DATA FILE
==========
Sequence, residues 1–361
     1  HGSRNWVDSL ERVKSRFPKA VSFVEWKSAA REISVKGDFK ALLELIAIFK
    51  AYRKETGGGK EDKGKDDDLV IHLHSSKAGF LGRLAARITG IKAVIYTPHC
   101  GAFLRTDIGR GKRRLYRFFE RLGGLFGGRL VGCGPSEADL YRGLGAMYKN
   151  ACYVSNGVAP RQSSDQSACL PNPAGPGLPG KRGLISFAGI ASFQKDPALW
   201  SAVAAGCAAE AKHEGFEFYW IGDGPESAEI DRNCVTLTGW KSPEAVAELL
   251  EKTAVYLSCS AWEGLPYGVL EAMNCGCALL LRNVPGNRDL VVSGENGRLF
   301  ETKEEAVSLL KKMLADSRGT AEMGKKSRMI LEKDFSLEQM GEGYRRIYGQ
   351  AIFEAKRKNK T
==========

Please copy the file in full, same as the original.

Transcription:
Sequence, residues 1–361
     1  HGSRNWVDSL ERVKSRFPKA VSFVEWKSAA REISVKGDFK ALLELIAIFK
    51  AYRKETGGGK EDKGKDDDLV IHLHSSKAGF LGRLAARITG IKAVIYTPHC
   101  GAFLRTDIGR GKRRLYRFFE RLGGLFGGRL VGCGPSEADL YRGLGAMYKN
   151  ACYVSNGVAP RQSSDQSACL PNPAGPGLPG KRGLISFAGI ASFQKDPALW
   201  SAVAAGCAAE AKHEGFEFYW IGDGPESAEI DRNCVTLTGW KSPEAVAELL
   251  EKTAVYLSCS AWEGLPYGVL EAMNCGCALL LRNVPGNRDL VVSGENGRLF
   301  ETKEEAVSLL KKMLADSRGT AEMGKKSRMI LEKDFSLEQM GEGYRRIYGQ
   351  AIFEAKRKNK T